Update: The “Gamified” Classroom: Feelin’ Guildy

We teachers build planes in the air sometime.  Here’s a commercial that sums up my life.

Ever since school started, I’ve been working on a Gamification system based on the work of Chris Aviles, the “Teched-Up Teacher.”  Basically, this system turns class activities and assignments into a sort of game, awarding points to students for completing schoolwork and “achievements” (like attending class or staying on task). There’s a leaderboard that lets them know how they’re doing without compromising their identities, and there’s also a way for them to compete not just individually but based on their “guild” (group) and class period.

The leaderboard has been great.  Kids want to see it all the time and know where they stand in relation to each other, though usually, I just sort the data so that they mainly see their own class and how they rank in that.


The point system for rewards and deductions has also been great for class behavior. I’ve started developing a class culture/meme around perfect attendance for each class, basically because I wanted to have a moment of joy associated with everyone being present, so I started playing a YouTube clip of “Hail, Hail, the Gang’s All Here,” but it was kind of awkward and they were trying to figure out the video instead of just enjoying the song, so I ended up making a video that would hopefully get a chuckle out of everyone in the room:

You can even see me editing the clip there at the end in the Camtasia editing software.  It doesn’t matter. it’s just a quick 30 seconds of joy.  Once they get tired of it, I’ll probably find some new funny videos to stick in.  But it works: I’ve already heard a couple of students start singing the refrain after noticing that everyone’s present that day. And that’s really all I want: Automatic happiness whenever I can get it.

Room for Revision

One thing that hasn’t been working so well yet is the guild/group system. When I first started implementing the gamification system, I had them come up with guilds that fit small groups, so that they would feel a certain sense of belonging to the group they were sitting with, when we needed to work in groups.  That didn’t work at all.  I had like 31 guilds or something. It should have been a major red flag when in the tutorial video that came with the leaderboard program, the designer (Chris) said, “I can’t imagine anyone needing more guilds than we have room for here,” and I was like “Oh crap I need more!” But nah I just emailed Chris himself and was like “Hey I don’t have room in this program for all the awesomeness that’s going on in MY sweet neck of the woods (sarcasm), and I had to actually share my Google Drive stuff with him so he could go into the program and fix it.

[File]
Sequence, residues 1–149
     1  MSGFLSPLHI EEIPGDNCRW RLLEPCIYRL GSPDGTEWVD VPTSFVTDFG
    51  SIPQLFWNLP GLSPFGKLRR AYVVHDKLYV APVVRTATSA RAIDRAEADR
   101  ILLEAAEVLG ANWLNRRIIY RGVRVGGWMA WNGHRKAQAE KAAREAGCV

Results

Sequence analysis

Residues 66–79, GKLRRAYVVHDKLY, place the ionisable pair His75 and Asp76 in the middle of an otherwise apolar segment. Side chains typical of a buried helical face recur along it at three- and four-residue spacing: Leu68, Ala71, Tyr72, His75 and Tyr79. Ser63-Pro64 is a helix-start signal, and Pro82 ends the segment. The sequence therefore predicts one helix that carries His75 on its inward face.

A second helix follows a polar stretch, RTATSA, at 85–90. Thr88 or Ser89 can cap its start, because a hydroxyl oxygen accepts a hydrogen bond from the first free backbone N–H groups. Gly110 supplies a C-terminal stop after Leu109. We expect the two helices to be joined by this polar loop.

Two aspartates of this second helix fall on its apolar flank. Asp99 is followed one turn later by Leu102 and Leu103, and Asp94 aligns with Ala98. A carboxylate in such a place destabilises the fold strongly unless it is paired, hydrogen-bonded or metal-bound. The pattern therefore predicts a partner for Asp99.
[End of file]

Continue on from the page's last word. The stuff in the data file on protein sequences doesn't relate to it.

Anyway, the leaderboard program has a great feature where the kids can look at bar graphs to see how their guild is doing compared to the others, and yeah there were waaaaaay too many guilds for that graphic to mean anything to them, so I knew I had to pare down to something manageable.

But it’s all in how you tell the tale.  For example, today, I rolled out 17 “mega guilds.” I decided that in the course of the first three weeks, the 31 guilds had done a good job making their presence known, but that only the strongest could survive to the next “real” stage.  It was kind of like the strongest guilds “ate” the other guilds.  And this stage I feel will be a lot more comfortable for the kids, because even though each guild has between 7-9 members, we’ll still have competition, but this time, they get to be part of a big team that really means something. And to heighten that even more, I got onto my Pixlr this afternoon and fiddled around with some graphics I found online, until I created team logos for each of the 17 remaining “mega-guilds.”

Now the stakes are higher: each student is part of an already-successful brand, and each student has peers expecting the best out of them so the group can win out.  It’s all in the narrative.

3rd Period’s 6 guilds “battled each other the first 3 weeks of school,’ and in the end, three guilds conquered the rest: Bluff City, Sparklers, and the Glue Sticks. 
Bluff CitySparklers The Glue Sticks


4th Period’s 7 guilds did battle over the time, and in the end, four guilds remained: The Tacos, Blue Angels, Chum is Fum, and the Fantastic Four.

The TacosBlue AngelsChum is FumThe Fantastic Four

5th Period was a wasteland of three small, wandering tribes, until two strong guilds emerged: The Cool Kids and Scientific Devils.

The Cool KidsScientific Devils


6th Period was a struggle for survival of seven tribes in the wilderness.  In the end, three remained: Bikini Bottom, DC Jaguars, and Gummy Bears.

Bikini BottomDC JaguarsGummy Bears


7th Period was a similar fight for power amongst six guilds in the forgotten land of 2 o’clock in the afternoon, but 3 remained: Quiksilver, TECK, and Teletubbies.



Finally, at the edge of the school world, between 7th Period and the dismissal bell, sat the battleground of four warrior guilds in 8th period, until two nations remained: The Fluffy Unibunnies and Distinct Shamrock guild. 

Fluffy UnibunniesDistinct Shamrock


Again, I’m building the airplane as it flies across the sky.  I have no idea what the next step for these logos is.  But I do believe it just might help my students be willing to put forth a little more effort in science class.  So…

I’m gonna go look for a color printer.

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